Eaton, Emily L. (Emily Louise) (2010) Assessing gender bias in acute medical care in Canada. Masters thesis, Memorial University of Newfoundland.
- Accepted Version
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Background: Gender bias has been explored extensively in the treatment of cardiovascular disease (CVD), particularly acute myocardial infarction (AMI). Previous research is inconsistent in suggesting that women who suffer an AMI are treated less optimally than men. To date, gender bias has not been well addressed in other CVDs, specifically cerebrovascular accident (CVA), coronary revascularization, or chronic kidney disease (CKD). In an attempt to get a clearer grasp of the problem, community acquired pneumonia (CAP) was also studied and served as a non-vascular disease control. -- Methods: Using trained research nurses, retrospective chart reviews were completed for all patients admitted with AMI, CVA, for coronary revascularization, or CAP in 1995/6, 1998/9, and 2000/1 in two locations of Newfoundland (St. John's and Central Newfoundland). CKD care was analyzed using data from the STARRT (Study To Assess Renal Replacement Therapy) study, a Canadian multicentre retrospective chart review of incident dialysis patients followed for six months. All results were divided into three categories - access, intervention, and outcome - and, after controlling for baseline demographics, were explored for differences in care between men and women. -- Results: Women were often older than men and suffered from more co-morbidities and more severe medical histories, except for CAP where men were more likely to have co-morbid illnesses. Women who had suffered an AMI had a significantly longer time to thrombolytics (70 vs. 45 mins., p=0.02) and were less likely to be admitted to the CCU (84% vs. 91%, p=0.02). Women with severe CAD were more likely to receive medical management (42% vs. 28%, p=0.005) and, of the women who did receive CABG, had longer wait times in one priority for CABG group (8.0 vs. 6.0 days, p=0.05). Women began dialysis with a lower eGFR level (8.6 vs. 10.1 mL/mins., p=0.006) after receiving less pre-dialysis care than men (>1 mth. vs. <1 mth.) (80% vs. 88%, p=0.05). There was no evidence of a gender bias against women in CVA patients, in fact women were more likely to be seen by a social worker than men (43% vs. 34%, p=0.01). Of the patients receiving treatment for CAP, women were less likely than men to receive the appropriate antibiotics (AB) when considering the 1993 guidelines for AB treatment (70% vs. 78%, p=0.03). While women received less optimal access and interventions, the proportion of death between men and women for all CVDs analyzed were similar. -- Conclusions: Women are not treated with the same quality of care as men with regards to access and intervention for AMI's, coronary revascularization, and CKD. This bias was also found in a nonvascular control group. A potential gender bias in the treatment of these patients needs to be explored further.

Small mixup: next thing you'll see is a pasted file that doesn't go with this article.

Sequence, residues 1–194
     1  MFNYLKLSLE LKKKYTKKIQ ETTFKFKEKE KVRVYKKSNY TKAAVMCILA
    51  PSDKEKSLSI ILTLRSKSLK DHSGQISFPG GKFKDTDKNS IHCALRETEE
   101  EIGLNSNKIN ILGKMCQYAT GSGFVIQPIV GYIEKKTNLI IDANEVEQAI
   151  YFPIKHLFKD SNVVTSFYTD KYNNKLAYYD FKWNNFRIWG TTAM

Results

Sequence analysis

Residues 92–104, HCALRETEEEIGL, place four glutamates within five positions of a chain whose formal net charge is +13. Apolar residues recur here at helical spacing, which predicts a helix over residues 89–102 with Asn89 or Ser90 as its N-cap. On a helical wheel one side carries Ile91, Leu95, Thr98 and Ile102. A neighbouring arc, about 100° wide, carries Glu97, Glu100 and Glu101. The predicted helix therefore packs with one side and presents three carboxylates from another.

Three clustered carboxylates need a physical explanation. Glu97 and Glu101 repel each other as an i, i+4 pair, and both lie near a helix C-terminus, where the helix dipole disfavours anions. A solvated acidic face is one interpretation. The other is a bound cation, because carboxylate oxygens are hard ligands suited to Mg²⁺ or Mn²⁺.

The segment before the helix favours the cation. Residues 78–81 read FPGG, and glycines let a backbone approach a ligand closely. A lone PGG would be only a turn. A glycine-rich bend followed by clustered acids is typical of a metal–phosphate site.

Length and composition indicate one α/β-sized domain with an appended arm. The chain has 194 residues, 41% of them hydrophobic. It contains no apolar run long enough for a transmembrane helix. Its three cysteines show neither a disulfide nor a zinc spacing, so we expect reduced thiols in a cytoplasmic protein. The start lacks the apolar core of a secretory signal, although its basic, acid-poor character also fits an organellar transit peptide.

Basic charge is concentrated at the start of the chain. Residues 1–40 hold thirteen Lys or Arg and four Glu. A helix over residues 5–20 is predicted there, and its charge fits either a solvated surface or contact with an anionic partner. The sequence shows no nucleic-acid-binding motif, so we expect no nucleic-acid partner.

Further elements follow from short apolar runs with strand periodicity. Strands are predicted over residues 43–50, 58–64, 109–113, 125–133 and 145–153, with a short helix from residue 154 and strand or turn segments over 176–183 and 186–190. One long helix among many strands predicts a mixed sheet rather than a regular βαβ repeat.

|Item Type:||Thesis (Masters)|
|Additional Information:||Bibliography: leaves 91-100.|
|Department(s):||Medicine, Faculty of|
|Geographic Location:||Canada--Newfoundland and Labrador|
|Library of Congress Subject Heading:||Sex discrimination--Newfoundland and Labrador; Sex discrimination against women--Newfoundland and Labrador; Cardiovascular system--Diseases--Treatment--Newfoundland and Labrador; Cardiovascular system--Diseases--Patients--Medical care--Newfoundland and Labrador--Evaluation|
|Medical Subject Heading:||Prejudice--Newfoundland and Labrador; Cardiovascular Diseases--therapy--Newfoundland and Labrador; Patient Care--Newfoundland and Labrador|
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